For most people, medicine is something used to treat or cure a disease; it is often a human-made drug, or sometimes an herb. In Native traditions, however, medicine is a way of achieving balance. An Indigenous medicine person doesn’t just heal illnesses—he or she can restore harmony or establish a state of being, such as peacefulness. And the practice of medicine is not just limited to the hands of medicine people; everyone is welcome to participate. Traditionally, Indigenous people don’t wait to be out of balance before they turn to medicine.
In the Indigenous worldview, many kinds of things can be medicine: a place, a word, a stone, an animal, a natural phenomenon, a dream, a life event like a coffee date with a friend, or even something that seems bad in the moment, such as the loss of a job. Have you ever looked back at your life and thought, That was the best thing that could have ever happened to me? That was medicine.
In order for something or someone to serve as medicine, it only needs to be filled with or granted a kind of mystical or spiritual power. Anyone can find and use medicine, just by allowing intuition and feelings to determine whether something can serve as medicine. You listen for its sacred power; you don’t force it.
You don’t choose the medicine, the elders say—it chooses you.
We Gave Money Its Meaning & Power
It has taken me a long, long time (patience is a virtue in Indian country) to accept that the medicine that has chosen me is money. Because, I mean: money? Come on. Money corrupts. Money is dirty, even filthy. Money is the root of all evil, doesn’t the Bible say that?
But what is money but a way to measure value, to facilitate exchange? And what is exchange but a type of relationship between people? Money is a proxy for the sweat we spent on growing food, sewing clothes, assembling electronics, coding apps, creating entertainment, researching and developing innovations, and so on. It’s just a stand-in for the materials we used, the services granted, the responsibility shouldered. Money is a tool to reflect the obligations people develop toward each other as they interact.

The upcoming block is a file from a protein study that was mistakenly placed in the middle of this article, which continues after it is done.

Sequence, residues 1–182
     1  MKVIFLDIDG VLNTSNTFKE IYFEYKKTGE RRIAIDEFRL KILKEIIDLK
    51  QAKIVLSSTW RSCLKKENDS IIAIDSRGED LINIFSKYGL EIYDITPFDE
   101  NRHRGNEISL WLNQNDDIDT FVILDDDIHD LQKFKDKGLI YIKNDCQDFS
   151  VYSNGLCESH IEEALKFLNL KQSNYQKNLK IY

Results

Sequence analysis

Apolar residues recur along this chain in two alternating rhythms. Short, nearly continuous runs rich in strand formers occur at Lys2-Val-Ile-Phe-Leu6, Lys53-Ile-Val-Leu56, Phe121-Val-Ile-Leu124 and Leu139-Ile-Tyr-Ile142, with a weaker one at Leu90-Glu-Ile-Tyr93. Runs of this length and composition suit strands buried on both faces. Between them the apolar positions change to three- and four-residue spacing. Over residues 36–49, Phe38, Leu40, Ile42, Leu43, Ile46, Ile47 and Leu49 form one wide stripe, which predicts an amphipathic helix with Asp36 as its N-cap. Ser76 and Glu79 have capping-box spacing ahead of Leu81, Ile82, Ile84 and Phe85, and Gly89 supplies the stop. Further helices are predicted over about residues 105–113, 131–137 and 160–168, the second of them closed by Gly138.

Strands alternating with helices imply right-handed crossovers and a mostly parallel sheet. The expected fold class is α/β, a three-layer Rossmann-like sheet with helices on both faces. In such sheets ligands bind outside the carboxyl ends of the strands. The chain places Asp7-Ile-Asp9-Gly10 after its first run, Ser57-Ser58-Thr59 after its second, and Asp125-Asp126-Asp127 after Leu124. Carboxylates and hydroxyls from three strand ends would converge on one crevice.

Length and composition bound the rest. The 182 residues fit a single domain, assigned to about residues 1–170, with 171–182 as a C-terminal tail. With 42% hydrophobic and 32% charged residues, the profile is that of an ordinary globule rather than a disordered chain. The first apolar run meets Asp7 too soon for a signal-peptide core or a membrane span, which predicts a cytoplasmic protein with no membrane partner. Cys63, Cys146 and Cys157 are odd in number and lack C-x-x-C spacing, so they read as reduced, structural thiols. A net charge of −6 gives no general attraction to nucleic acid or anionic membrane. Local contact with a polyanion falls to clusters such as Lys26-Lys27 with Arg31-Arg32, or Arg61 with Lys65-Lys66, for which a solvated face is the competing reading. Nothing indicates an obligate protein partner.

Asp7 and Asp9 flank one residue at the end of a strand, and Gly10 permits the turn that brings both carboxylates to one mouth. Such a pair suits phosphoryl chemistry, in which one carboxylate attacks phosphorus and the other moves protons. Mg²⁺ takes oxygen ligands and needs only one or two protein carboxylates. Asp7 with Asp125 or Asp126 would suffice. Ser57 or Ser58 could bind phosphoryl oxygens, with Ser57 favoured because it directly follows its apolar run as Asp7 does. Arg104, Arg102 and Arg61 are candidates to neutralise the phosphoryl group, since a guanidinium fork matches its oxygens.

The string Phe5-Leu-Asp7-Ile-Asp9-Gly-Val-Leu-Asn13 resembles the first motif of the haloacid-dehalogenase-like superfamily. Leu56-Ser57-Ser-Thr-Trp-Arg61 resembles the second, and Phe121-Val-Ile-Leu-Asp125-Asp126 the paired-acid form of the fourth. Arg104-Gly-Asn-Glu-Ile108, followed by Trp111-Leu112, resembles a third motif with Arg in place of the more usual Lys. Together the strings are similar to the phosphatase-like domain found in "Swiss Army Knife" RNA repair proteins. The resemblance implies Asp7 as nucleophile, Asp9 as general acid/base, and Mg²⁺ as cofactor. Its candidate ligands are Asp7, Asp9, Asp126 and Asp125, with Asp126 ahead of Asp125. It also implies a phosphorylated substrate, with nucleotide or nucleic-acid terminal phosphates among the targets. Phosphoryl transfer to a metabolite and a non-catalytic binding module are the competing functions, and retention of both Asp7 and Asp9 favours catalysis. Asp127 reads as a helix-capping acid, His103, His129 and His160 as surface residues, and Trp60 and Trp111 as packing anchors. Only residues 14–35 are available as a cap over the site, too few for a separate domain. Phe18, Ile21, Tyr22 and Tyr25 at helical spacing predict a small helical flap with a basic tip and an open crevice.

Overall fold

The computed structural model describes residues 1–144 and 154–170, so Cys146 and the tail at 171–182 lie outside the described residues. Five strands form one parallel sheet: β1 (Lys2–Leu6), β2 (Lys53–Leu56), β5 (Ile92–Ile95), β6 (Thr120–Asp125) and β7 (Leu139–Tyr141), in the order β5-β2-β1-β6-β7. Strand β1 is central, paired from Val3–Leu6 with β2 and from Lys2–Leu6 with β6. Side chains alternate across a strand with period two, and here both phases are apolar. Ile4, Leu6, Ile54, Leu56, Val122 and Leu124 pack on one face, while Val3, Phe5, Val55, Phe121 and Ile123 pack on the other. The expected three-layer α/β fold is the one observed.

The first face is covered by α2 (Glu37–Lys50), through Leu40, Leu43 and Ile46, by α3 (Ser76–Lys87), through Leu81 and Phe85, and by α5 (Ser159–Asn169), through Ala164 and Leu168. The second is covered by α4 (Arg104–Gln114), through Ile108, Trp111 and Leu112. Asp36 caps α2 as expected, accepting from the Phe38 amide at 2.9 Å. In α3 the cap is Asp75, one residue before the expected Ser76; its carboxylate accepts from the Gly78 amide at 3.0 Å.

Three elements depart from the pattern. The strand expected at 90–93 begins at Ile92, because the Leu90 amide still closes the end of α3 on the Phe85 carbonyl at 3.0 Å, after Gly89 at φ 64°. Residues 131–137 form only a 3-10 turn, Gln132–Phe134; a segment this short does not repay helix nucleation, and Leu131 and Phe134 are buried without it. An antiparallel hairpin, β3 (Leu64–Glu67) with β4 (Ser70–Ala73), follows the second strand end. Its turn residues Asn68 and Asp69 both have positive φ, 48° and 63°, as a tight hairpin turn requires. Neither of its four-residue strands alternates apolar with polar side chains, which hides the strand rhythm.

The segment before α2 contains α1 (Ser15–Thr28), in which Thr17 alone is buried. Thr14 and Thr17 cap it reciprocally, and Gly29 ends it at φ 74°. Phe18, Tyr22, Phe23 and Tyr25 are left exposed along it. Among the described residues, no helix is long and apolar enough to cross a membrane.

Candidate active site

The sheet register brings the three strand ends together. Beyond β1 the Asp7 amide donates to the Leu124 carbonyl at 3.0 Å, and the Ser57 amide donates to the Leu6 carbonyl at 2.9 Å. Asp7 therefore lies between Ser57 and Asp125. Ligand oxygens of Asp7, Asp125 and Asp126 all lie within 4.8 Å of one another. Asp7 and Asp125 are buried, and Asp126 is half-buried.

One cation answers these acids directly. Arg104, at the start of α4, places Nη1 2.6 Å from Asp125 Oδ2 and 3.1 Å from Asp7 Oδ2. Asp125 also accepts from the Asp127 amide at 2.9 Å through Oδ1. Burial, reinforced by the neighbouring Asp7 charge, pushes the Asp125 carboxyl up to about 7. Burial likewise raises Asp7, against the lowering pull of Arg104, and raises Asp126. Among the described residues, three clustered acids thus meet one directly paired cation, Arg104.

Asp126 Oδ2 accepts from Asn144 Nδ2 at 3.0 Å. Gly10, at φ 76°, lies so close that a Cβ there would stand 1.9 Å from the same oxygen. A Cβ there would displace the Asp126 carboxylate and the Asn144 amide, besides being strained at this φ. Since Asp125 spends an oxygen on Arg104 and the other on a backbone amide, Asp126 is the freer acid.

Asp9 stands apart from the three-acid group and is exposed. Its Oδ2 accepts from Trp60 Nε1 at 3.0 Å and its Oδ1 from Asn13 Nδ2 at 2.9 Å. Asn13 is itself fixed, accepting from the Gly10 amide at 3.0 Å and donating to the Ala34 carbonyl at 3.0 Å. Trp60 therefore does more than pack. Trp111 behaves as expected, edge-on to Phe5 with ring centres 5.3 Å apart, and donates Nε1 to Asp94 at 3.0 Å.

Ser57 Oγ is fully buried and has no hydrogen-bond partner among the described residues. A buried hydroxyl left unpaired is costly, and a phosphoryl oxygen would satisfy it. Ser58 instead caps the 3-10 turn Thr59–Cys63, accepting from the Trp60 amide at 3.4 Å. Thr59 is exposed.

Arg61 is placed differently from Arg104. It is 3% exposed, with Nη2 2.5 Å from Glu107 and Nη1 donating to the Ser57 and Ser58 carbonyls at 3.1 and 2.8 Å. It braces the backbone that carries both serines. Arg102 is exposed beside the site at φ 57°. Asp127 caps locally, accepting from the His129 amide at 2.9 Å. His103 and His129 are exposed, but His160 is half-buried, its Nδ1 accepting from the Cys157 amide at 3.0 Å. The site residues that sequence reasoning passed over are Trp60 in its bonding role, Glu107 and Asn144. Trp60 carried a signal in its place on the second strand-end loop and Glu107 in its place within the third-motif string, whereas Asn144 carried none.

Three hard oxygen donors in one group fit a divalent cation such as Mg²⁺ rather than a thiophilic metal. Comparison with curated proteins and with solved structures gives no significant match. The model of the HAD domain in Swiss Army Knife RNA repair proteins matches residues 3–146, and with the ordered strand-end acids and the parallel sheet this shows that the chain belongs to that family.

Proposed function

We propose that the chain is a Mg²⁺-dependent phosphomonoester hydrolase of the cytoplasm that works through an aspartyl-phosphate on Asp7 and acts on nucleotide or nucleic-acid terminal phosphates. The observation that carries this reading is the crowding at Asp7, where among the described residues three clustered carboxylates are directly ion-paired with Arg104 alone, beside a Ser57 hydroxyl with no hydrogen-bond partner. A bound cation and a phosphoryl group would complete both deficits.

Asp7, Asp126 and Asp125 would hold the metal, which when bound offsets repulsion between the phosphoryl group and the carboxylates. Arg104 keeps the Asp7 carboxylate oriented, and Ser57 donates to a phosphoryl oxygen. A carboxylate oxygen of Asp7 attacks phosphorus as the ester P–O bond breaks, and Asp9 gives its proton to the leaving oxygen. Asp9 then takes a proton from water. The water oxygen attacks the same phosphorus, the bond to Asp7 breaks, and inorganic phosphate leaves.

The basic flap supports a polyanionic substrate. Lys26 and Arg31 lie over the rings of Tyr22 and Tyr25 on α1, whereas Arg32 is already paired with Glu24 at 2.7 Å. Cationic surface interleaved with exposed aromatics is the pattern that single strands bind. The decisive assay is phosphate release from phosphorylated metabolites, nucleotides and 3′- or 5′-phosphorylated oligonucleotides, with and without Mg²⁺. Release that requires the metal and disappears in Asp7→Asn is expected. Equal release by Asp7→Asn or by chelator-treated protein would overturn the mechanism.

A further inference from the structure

Materially, it’s a bit of nickel, zinc, copper. It’s a little linen, mostly cotton, some ink. Actually, today mostly it’s a series of zeros and ones. Bytes, data on screens. Imaginary. Harmless.
And in fact, the Bible doesn’t say money’s the root of all evil. It says the love of money is the root of all evil—in other words, it leads to evil when we let it be more important than life, relationships, and humanity.
I’m not saying there aren’t problems with money when it’s hoarded, controlled, used to divide people, to oppress and dominate. But that’s not the money’s fault. Inherently, money is value neutral. Humans have used money wrongfully. We’ve made money more important than human life. We’ve allowed it to divide us. We forget that we humans made money up out of thin air, as a concept, a tool for a complex society. We forget that we gave money its meaning and its power.
Money is like water. Water can be a precious life-giving resource. But what happens when water is dammed, or when a water cannon is fired on protesters in subzero temperatures? Money should be a tool of love, to facilitate relationships, to help us thrive, rather than to hurt and divide us. If it’s used for sacred, life-giving, restorative purposes, it can be medicine.
Money, used as medicine, can help us decolonize.
Seven Steps to Healing
Across American history and through the present day, the accumulation of wealth is steeped in trauma. The process of healing from that trauma is central to decolonization. Acknowledging our woundedness is key. This is not just for individuals; institutions can also engage in the Seven Steps to Healing:
- Grieve. We have to stop and feel the hurts we’ve endured.
- Apologize. We must apologize for the hurts we’ve caused.
- Listen. We must acknowledge the wisdom of those excluded and exploited by the system, who possess exactly the perspective and wisdom needed to fix it.
- Relate. We need space to share our whole selves with each other and understand we don’t have to agree in order to respect each other.
- Represent. We must build whole new decision-making tables, rather than setting token places at the colonial tables as an afterthought.
- Invest. We need to put all our money where our values are.
- Repair. We must use money to heal where people are hurting and to stop more hurt from happening.